The Portrait of a Lady

by: Henry James

Chapters 16–19

Over the coming days, Isabel grows quite close to Madame Merle, who seems to be almost perfect to her—she is graceful, talented, and interesting, and her only fault seems to be that she is so much a social being that she seems to have no inner self. Madame Merle tells Isabel that Americans who live in Europe are displaced—she compares Ralph, whose illness essentially functions as a career and a lifestyle, with a man she knows in Florence, Gilbert Osmond. Osmond, she says, devotes his life to painting and raising his daughter. Isabel asks why Madame Merle seems to dislike Ralph, but Madame Merle replies that Ralph is the one to dislike her—she herself feels nothing about Ralph. Madame Merle confides in Isabel that she feels as though her life has been a failure, because she has no family and no fortune. She says that a person is defined by what she possesses. Isabel disagrees, but when Madame Merle departs Gardencourt, she and Isabel bid farewell as close friends.

Isabel continues corresponding with Henrietta, whose promised invitation to Lady Pensil's manor never materializes. Henrietta now hopes to travel to Paris with Mr. Bantling. Not long after Madame Merle leaves, Isabel is reading in the library, when Ralph enters with an unhappy piece of news: Mr. Touchett has died.

Analysis

This section involves three important narrative events: Isabel's second rejection of Caspar Goodwood, the introduction of Madame Merle, and the death of Mr. Touchett, which unexpectedly brings Isabel a fortune. The scene with Caspar is interesting for two reasons. First, it reveals what happened in the conversation Isabel had with Caspar before she left for Europe, which James chose to skip over in the opening chapters of the book. Isabel asked Caspar to give her a year in Europe before deciding whether or not to marry him. Now, though it has not been a year since Isabel left Albany, Caspar is impatient for an answer and desperate to be with her. As intimidatingly masculine as Isabel seems to find Caspar, he is also extremely devoted to her and seems to need her presence in order to be happy. Ironically, his rash decision to follow her to Europe rather than waiting a year to see her is rewarded by her forcing him to agree to wait two years before she will even consider the question of whether or not to marry him.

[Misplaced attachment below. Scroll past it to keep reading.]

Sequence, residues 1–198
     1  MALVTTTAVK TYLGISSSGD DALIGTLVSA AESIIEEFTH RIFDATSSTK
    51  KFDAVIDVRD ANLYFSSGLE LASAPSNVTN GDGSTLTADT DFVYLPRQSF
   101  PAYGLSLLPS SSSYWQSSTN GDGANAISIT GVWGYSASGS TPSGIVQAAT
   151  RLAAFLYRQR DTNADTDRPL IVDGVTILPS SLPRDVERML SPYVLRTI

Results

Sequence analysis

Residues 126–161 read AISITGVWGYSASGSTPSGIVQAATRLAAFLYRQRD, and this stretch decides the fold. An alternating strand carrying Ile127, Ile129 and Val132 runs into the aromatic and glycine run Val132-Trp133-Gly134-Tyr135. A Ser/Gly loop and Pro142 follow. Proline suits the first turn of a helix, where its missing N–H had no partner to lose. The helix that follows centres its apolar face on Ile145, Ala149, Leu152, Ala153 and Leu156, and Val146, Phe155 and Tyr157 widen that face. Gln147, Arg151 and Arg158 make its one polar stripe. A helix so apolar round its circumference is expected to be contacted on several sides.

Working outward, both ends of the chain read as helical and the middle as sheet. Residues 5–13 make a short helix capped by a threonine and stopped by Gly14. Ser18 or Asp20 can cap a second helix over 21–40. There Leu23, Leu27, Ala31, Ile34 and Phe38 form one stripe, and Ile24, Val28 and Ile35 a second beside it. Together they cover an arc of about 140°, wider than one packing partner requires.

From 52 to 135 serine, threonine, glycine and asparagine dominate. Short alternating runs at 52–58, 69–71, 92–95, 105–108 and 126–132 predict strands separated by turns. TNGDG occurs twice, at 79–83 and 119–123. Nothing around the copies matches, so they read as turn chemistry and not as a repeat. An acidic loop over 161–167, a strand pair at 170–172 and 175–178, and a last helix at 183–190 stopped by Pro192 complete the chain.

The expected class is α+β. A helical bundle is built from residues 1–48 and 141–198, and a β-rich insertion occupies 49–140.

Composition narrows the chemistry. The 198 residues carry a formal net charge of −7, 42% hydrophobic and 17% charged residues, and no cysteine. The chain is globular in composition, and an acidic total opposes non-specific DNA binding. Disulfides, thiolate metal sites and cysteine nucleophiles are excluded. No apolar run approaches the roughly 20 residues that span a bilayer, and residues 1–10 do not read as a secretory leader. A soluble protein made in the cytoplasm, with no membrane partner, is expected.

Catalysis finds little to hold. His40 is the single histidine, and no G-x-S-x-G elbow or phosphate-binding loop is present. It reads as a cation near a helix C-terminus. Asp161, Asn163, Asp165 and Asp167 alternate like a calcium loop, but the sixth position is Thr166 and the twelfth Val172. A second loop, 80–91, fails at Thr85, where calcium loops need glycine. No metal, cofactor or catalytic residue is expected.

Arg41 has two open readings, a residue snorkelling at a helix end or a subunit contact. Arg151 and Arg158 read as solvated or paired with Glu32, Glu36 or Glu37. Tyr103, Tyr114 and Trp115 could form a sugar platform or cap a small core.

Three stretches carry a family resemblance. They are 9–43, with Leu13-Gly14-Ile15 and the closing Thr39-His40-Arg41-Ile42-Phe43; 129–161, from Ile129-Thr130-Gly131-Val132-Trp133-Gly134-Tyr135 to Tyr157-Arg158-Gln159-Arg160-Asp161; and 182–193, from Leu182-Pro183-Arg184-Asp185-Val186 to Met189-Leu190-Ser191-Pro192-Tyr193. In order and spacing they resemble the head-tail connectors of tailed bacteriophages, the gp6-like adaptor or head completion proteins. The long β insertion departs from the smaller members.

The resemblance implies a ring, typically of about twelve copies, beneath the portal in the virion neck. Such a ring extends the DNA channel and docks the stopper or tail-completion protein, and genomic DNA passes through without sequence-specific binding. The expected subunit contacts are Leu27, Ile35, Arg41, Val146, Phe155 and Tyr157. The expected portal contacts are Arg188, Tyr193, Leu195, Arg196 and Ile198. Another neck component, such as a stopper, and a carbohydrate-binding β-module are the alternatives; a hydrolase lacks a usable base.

The second interesting feature of the Caspar scene in Chapter 16 is that it provides Isabel another opportunity to defend her independence from a suitor's desire to marry her. She has already rejected Caspar once and then rejected Lord Warburton, but where those past experiences left her feeling confused or sad, this one leaves her feeling exultant and powerful, as though a weight has been lifted from her shoulders. Though Isabel (or James) is never entirely clear about what "independence" means to her exactly, clearly it implies a kind of personal autonomy that would be incompatible with a conventional marriage, in which the wife is expected to be submissive to her husband. By warding off three successive proposals, Isabel has demonstrated her commitment to her personal autonomy, even if she has only a vague idea of what she wants to do with her life.

Madame Merle will soon become an important and sinister character in Portrait of a Lady, and will play an enormous role in Isabel's life by manipulating her into marrying Gilbert Osmond and thereby losing her treasured independence. But in this section, Madame Merle is more an enigma than a villain. Isabel likes her very much, and the redoubtable Mrs. Touchett thinks the world of her. But Ralph, whose opinions the reader instinctively values, does not like her, and this makes it natural to look for her flaws. If the novel explores the opposition between personal independence and social propriety, Madame Merle seems to exist uneasily between the two polarities.

On the one hand, she is an independent woman, accomplished in every grace and extremely popular; she clearly makes her own decisions. But on the other hand, her commitment to popularity means that she seems to observe every social convention; Isabel thinks that she even seems to lack an inner self. In this regard, Merle is Isabel's first introduction to continental Europe—throughout the novel, America represents individualism, Europe represents social convention, and England seems halfway in between. Isabel has moved from America to England, and now has a taste of what she will find in Europe.